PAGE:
There’s a note on the Wiki entry “Because (Beatles song)” that claims, “In 2016, the Beatles’ Anthology 3 version [of “Because”] was featured in the trailer for Luc Besson’s film Valerian and the City of A Thousand Planets. That trailer (published on YouTube Nov. 16, 2016) does feature “Because,” with the Beatles’ vocal track high in the mix, but it’s not clear to me it’s the Anthology 3 “version,”—which is, simply, “the exquisite vocal harmonies recorded by John Lennon, Paul McCartney, and George Harrison for John’s song Because…” with the instrumentation “stripped away to reveal the… voices.” CinemaBlend (“one of the web’s most popular entertainment sites” according to themselves, but really a platform for ads decorated with light entertainment journalism) reports that, “…the preview's use of ‘Because’ by The Beatles is the first time that a master recording from the band has been featured in a film advertisement.” Valerian also strips the song of its original instrumentation, but adds a new instrumental performance.
Whatever. Who cares? I once was anxious about how Beatles songs were used—“Good Day Sun Chips,” the Nike ad with “Revolution” (another with Lennon’s “Instant Karma”), etc. It’s a kind of protectiveness I’ve let go of—Beatles is not who I am, Beatles is not sacred. What’s more, the Beatles I love can’t be destroyed by commodification. What’s more, I like Luc Besson's giddy science fiction films and I like how he uses “Because” in the Valerian trailers.
“Because” is lyrically simple—and very like Lennon in that period. “Because the wind is high / it blows my mind”—word play quite like “Got to be good looking / ‘cause he's so hard to see” (“Come Together”); and plays with opposites the way Beatles lyrics often do “Love is old, love is new”—“I want a short haired girl / who sometimes wears it twice as long” (“Old Brown Shoe”); and with simple causality “There's nothing you can do that can't be done / nothing you can sing that can't be sung” (“All You Need Is Love”). “Because” is, too, musically simple—simple in the complex way “I Want You (She’s So Heavy)” is simple—it repeats with variations, rather than repeating the way most songs do: verse, verse, chorus, verse, chorus, verse, chorus….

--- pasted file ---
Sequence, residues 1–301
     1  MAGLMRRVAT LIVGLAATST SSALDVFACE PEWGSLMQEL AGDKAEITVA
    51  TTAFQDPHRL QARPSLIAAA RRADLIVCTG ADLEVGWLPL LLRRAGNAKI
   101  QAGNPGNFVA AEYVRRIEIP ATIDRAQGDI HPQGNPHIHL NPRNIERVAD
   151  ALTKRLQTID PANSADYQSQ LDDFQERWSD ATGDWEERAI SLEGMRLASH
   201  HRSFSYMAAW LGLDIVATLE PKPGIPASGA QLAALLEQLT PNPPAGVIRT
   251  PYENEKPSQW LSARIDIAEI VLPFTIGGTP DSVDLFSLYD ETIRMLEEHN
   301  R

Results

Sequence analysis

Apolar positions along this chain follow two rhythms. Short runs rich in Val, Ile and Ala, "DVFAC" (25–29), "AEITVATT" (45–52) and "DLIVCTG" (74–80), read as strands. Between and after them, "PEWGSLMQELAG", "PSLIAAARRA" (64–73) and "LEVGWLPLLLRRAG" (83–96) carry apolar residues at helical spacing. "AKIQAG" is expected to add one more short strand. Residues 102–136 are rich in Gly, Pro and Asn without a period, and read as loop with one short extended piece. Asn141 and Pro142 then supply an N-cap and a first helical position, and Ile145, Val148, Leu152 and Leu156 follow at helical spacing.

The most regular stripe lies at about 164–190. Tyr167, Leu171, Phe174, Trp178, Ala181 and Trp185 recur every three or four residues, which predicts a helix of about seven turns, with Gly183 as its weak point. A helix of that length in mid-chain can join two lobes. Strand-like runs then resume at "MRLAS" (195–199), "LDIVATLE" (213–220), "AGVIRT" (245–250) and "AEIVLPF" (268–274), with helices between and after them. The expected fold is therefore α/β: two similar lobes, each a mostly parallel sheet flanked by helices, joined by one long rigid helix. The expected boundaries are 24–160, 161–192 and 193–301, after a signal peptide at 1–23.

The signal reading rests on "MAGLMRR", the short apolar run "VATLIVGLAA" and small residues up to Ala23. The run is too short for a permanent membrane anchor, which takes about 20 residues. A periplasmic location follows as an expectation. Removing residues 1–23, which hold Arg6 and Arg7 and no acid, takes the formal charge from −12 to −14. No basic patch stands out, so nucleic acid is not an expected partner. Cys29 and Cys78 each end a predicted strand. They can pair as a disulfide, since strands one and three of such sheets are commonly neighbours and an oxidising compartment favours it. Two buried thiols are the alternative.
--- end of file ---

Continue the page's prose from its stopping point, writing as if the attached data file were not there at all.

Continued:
For Abbey Road, “Because” is gateway from the “song side”—which extends to side B with “Here Comes the Sun”—and the medley that dominates side B. Or: “Because” is like an incomplete sentence, lyrically and musically, completed by what follows.
The second “official trailer” for Valerian (published on YouTube Mar. 29, 2017) uses “Because” differently than the Nov. trailer. After a 32-second action sequence on a sun-bright desert planet, we arrive in space, at the “City of a Thousand Planets” and then we hear the “ah-a” of the Beatles’ “Because.” A gate from one world to another and an expression of awe.
Pre-Anthology, a recording of “Because” stripped of its instrumentation was a prized bootleg. Aside from the beauty of the three-part harmony, the empty spaces between the vocals were what made it such an extraordinary alternate version. The emptiness reverberates—can I hear Abbey Road studio 3?
But “Because” is not an example of a perfectly good song that’s been over-produced. George Martin’s performance on the spinet electric harpsichord and George Harrison’s Moog synthesizer performance perfectly marry old and new.